Medina-Navarro R.,Center for Biomedical Research of Michoacan | Nieto-Aguilar R.,Center for Biomedical Research of Michoacan | Nieto-Aguilar R.,Universidad Michoacana de San Nicolas de Hidalgo | Alvares-Aguilar C.,Center for Biomedical Research of Michoacan
Lipids in Health and Disease | Year: 2011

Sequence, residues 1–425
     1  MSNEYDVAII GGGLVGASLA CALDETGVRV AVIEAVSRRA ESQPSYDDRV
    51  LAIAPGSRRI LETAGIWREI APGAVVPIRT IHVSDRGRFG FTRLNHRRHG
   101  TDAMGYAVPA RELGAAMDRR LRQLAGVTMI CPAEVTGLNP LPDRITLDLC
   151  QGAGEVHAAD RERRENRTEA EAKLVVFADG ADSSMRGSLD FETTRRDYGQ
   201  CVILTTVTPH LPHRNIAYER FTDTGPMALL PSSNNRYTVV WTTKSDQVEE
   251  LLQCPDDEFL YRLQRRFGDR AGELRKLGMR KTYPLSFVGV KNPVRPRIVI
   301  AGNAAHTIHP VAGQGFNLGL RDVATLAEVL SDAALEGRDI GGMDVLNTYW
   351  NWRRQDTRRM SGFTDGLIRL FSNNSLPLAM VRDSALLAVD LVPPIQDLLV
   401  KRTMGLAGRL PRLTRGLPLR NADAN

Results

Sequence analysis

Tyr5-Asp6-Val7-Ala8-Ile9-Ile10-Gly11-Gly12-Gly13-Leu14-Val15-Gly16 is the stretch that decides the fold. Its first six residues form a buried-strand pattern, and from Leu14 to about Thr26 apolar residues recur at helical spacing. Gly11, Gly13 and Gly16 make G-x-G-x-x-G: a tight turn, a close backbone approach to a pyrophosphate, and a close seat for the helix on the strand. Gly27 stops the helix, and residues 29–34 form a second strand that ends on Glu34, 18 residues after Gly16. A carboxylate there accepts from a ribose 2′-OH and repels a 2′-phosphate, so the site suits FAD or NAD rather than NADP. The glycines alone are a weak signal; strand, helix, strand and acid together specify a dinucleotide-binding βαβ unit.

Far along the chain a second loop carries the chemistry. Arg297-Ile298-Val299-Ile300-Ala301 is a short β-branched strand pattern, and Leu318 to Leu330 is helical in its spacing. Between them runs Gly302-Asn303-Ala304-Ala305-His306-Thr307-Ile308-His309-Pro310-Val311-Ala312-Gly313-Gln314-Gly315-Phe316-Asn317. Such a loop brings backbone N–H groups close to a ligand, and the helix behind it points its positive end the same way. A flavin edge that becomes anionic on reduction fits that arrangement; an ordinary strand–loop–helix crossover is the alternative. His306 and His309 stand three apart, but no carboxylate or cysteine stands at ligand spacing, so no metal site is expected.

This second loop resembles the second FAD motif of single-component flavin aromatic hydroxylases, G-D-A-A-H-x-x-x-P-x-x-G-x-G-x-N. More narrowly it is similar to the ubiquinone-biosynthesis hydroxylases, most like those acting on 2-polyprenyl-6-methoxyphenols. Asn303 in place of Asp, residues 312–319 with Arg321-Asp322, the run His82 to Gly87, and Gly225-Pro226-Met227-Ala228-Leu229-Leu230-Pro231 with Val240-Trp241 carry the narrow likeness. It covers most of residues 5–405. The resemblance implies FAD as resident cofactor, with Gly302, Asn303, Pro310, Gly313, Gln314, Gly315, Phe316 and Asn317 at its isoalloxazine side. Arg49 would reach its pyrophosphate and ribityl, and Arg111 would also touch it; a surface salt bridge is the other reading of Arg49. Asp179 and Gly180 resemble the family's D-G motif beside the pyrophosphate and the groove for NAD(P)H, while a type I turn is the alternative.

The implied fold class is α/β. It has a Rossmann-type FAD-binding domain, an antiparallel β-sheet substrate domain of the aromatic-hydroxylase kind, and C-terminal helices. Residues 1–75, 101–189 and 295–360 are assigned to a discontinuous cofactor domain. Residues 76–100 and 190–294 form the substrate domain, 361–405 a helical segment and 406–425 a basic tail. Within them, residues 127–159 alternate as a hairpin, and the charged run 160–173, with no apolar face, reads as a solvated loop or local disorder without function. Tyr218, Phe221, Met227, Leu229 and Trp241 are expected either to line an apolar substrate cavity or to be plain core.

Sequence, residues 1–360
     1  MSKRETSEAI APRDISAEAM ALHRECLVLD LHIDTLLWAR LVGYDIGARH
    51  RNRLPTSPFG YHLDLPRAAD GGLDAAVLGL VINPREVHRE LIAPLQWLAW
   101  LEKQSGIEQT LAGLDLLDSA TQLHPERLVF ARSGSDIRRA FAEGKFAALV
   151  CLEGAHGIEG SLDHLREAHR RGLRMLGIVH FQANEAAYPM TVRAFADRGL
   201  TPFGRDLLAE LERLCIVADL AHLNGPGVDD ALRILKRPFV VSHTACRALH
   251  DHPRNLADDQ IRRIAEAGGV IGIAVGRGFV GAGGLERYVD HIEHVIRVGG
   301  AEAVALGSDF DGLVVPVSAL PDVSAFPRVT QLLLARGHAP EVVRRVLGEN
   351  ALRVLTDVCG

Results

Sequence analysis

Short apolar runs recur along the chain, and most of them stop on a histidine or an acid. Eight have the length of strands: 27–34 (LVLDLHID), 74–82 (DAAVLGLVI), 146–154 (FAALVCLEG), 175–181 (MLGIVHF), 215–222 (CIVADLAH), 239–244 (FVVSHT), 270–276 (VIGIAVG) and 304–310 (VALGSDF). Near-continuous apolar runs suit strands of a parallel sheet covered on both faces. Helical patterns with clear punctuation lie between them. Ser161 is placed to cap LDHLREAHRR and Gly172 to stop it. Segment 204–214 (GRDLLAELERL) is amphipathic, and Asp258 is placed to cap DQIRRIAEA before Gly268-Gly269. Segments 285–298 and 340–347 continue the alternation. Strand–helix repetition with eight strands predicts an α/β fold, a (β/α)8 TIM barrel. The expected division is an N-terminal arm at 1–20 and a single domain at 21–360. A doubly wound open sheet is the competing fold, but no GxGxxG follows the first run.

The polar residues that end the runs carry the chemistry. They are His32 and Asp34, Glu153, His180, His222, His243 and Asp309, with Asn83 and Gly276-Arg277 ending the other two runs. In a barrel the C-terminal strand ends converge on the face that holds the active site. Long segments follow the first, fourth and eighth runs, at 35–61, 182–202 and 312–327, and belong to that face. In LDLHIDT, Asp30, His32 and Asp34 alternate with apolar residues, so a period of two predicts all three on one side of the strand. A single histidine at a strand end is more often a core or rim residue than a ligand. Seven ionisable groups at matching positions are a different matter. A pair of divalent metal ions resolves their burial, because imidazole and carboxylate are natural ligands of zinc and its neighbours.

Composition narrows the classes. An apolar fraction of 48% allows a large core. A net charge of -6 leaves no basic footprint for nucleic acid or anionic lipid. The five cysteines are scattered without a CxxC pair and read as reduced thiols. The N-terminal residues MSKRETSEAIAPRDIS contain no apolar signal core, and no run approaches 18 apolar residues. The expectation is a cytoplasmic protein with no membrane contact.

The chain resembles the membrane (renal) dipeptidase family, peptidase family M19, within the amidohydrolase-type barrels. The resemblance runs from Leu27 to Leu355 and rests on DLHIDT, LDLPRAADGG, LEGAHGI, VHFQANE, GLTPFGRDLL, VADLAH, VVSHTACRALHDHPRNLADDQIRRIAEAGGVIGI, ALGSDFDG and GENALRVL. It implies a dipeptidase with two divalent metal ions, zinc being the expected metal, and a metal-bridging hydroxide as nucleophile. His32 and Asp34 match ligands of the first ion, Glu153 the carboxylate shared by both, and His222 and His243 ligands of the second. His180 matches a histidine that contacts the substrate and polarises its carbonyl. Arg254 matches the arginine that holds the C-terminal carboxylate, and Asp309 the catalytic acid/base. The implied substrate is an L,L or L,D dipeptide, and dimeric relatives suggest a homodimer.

Background: One of the well-defined and characterized protein modifications usually produced by oxidation is carbonylation, an irreversible non-enzymatic modification of proteins. However, carbonyl groups can be introduced into proteins by non-oxidative mechanisms. Reactive carbonyl compounds have been observed to have increased in patients with renal failure. In the present work we have described a procedure designed as aldehyde capture to calculate the protein carbonyl stress derived solely from lipid peroxidation. Methods. Acrolein-albumin adduct was prepared as standard at alkaline pH. Rat liver microsomal membranes and serum samples from patients with diabetic nephropathy were subjected to the aldehyde capture procedure and aldol-protein formation. Before alkalinization and incubation, samples were precipitated and redisolved in 6M guanidine. The absorbances of the samples were read with a spectrophotometer at 266 nm against a blank of guanidine. Results: Evidence showed abundance of unsaturated aldehydes derived from lipid peroxidation in rat liver microsomal membranes and in the serum of diabetic patients with advanced chronic kidney disease. Carbonyl protein and aldol-proteins resulted higher in the diabetic nephropathy patients (p < 0.004 and p < 0.0001 respectively). Conclusion: The aldehyde-protein adduct represents a non oxidative component of carbonyl stress, independent of the direct amino acid oxidation and could constitute a practical and novelty strategy to measure the carbonyl stress derived solely from lipid peroxidation and particularly in diabetic nephropathy patients. In addition, we are in a position to propose an alternative explanation of why alkalinization of urine attenuates rhabdomyolysis-induced renal dysfunction. © 2011 Medina-Navarro et al; licensee BioMed Central Ltd.